ーThe museum reopened after renovations and its area was greatly expanded. How long did it take to renew and what kinds of changes were made?
The former Museum was opened in March 2008. Since the number of visitors has increased significantly since around 2015, we began to consider the relocation and expansion of the facility from 2017. The basic zoning plan for facility development in the area where the Museum is located was formulated in June 2018, and the new “Port of Humanity Tsuruga Museum” was completed at the end of 2019. Four buildings were restored in the new Museum, including the Tsuruga Port Station terminal and the customs office that stood there when the Siberian Children and Jewish refugees arrived in Japan.
We created a new training room and a special room for exhibitions. In order to make the exhibitions more accessible to young people, we have also installed multimedia animations. In addition, we’ve made it possible to view historical materials in a digital version and their reproductions.
ー As the director of the Museum, what do you think about such a large-scale renovation?
Looking back, I can see that so many people cooperated with this project. I would like to express my gratitude to all of them.
Our goal is to promote peace education and tourism. With the goal in mind, all employees will work together to create attractive facilities that are loved by a lot of people. I would like the people of Tsuruga, especially young people, to come to the Museum and learn something about the history of their hometown, and then spread the knowledge.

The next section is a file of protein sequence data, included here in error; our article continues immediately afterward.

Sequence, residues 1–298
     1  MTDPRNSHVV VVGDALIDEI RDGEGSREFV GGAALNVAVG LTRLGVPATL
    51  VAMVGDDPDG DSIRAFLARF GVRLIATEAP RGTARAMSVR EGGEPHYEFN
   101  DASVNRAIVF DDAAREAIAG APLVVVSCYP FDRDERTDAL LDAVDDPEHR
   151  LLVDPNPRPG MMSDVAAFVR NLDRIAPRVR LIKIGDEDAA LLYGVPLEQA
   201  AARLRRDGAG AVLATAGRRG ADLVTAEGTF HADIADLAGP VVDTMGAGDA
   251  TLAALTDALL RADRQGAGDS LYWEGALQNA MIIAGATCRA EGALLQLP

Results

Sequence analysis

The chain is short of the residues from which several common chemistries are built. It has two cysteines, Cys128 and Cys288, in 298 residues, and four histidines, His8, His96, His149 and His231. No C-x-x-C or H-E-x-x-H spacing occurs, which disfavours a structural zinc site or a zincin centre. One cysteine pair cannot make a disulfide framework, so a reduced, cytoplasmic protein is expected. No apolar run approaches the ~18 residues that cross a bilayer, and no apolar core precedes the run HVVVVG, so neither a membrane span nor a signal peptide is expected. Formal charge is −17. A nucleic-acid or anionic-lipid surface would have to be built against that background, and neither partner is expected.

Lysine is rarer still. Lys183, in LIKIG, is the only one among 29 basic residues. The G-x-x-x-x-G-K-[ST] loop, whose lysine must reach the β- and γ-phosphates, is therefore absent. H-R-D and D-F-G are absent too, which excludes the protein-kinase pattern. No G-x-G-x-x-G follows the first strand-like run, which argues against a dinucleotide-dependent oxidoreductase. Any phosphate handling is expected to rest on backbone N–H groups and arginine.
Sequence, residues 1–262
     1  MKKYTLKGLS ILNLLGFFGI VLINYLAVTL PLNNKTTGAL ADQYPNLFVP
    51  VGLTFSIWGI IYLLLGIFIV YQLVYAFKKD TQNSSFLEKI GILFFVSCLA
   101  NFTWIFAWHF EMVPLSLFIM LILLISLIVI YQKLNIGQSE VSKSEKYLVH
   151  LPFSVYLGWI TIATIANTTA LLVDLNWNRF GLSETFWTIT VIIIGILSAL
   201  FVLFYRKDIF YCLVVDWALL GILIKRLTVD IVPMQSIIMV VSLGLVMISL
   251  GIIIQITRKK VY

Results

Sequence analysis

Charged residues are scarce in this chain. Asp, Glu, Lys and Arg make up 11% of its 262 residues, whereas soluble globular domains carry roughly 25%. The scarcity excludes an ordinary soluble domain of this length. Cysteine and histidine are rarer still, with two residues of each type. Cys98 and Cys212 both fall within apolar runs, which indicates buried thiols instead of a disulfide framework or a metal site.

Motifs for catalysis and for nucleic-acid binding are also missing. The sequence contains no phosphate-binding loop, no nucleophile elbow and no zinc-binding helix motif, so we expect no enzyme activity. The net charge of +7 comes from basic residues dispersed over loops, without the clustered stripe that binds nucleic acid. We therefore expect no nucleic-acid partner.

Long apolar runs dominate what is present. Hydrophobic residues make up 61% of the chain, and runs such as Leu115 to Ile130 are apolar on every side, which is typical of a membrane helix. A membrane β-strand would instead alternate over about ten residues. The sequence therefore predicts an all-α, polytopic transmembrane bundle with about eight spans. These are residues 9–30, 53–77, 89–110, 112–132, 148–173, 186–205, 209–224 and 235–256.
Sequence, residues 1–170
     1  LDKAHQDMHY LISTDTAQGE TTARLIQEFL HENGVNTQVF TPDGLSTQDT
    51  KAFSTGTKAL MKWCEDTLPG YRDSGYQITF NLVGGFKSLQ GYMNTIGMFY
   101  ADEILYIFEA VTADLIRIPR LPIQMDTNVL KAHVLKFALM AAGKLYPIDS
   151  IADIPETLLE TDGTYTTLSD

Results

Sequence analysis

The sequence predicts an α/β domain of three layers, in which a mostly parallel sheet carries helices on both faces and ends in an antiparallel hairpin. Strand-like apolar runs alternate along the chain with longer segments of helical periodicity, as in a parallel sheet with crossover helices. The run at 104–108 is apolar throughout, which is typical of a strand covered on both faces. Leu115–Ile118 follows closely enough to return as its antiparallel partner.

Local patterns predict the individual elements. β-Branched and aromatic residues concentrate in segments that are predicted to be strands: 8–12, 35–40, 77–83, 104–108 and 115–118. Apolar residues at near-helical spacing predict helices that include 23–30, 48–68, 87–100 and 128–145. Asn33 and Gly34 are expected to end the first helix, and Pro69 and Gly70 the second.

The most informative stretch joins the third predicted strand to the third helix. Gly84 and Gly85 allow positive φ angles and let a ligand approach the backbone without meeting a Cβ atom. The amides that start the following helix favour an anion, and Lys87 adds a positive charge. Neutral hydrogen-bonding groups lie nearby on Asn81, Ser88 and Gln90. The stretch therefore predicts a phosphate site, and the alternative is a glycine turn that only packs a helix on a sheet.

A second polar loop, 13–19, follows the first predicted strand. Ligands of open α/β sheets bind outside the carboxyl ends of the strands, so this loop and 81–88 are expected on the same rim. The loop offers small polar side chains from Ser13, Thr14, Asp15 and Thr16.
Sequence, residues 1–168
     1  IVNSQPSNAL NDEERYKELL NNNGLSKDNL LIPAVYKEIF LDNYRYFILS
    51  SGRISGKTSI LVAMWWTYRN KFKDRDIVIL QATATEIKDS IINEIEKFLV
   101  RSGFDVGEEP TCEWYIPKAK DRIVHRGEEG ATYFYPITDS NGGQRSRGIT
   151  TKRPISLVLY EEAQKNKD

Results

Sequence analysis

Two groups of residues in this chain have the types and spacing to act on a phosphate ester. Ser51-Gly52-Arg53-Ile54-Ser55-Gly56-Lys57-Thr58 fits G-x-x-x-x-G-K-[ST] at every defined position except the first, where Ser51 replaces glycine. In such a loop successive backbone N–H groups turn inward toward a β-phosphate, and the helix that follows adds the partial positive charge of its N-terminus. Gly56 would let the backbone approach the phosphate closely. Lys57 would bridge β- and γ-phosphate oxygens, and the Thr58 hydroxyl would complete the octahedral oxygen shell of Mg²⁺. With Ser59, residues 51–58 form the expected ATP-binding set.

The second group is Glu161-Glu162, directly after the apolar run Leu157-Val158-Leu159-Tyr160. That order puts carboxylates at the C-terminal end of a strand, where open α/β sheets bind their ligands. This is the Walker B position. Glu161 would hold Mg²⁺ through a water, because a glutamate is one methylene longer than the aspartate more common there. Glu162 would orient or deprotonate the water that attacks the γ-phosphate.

ー What did the people who attended the opening ceremony say?
We received favorable comments from all of them. It seems that the values conveyed by the Museum, such as the meaning of life and peace, are becoming increasingly important in today’s world. I think it is worth thinking about what each of us can learn from the Siberian Children and the Jewish refugees.
ーWhat are the highlights / special features of the renovated Siberian Children booth?
First of all, we broadened the exhibition of the fate of the children after their return to Poland, which was rarely explained in the old Museum. Mr. Teruo Matsumoto, a journalist living in Poland, and prof. Wiesław Theiss donated a large number of valuable historical materials collected through many years of research in conjunction with the reopening of the Museum. Some of these materials are displayed as new materials on the history of the Siberian Children. We’ll keep making every effort to find new materials.
We also have a ceramic bas relief of a group photo of the Siberian Children, which was donated by the Social Welfare Corporation Fukudenkai. Thanks to its advanced production technique, it reflects the facial expression of the children very well. Please take a look at it when you visit the Museum.
Port of Humanity Tsuruga Museum (Jindo no Minato Tsuruga Muzeum)
〒914-0072 Kanegasakicho23-1, Tusurga-shi, Fukui, Japan
Hours：9：00～17：00（last admission 16：30）
Closed on：Wednesdays (or the following weekday if Wednesday is a holiday) and new year holidays
Tickets: Adults ¥500, Children 4–12 years old: ¥300
For groups of 20 or more: Adults ¥400, Children 4–12 years old: ¥240
*Children under 4, people with disabilities, and their assistants (1 assistant for each person) admitted free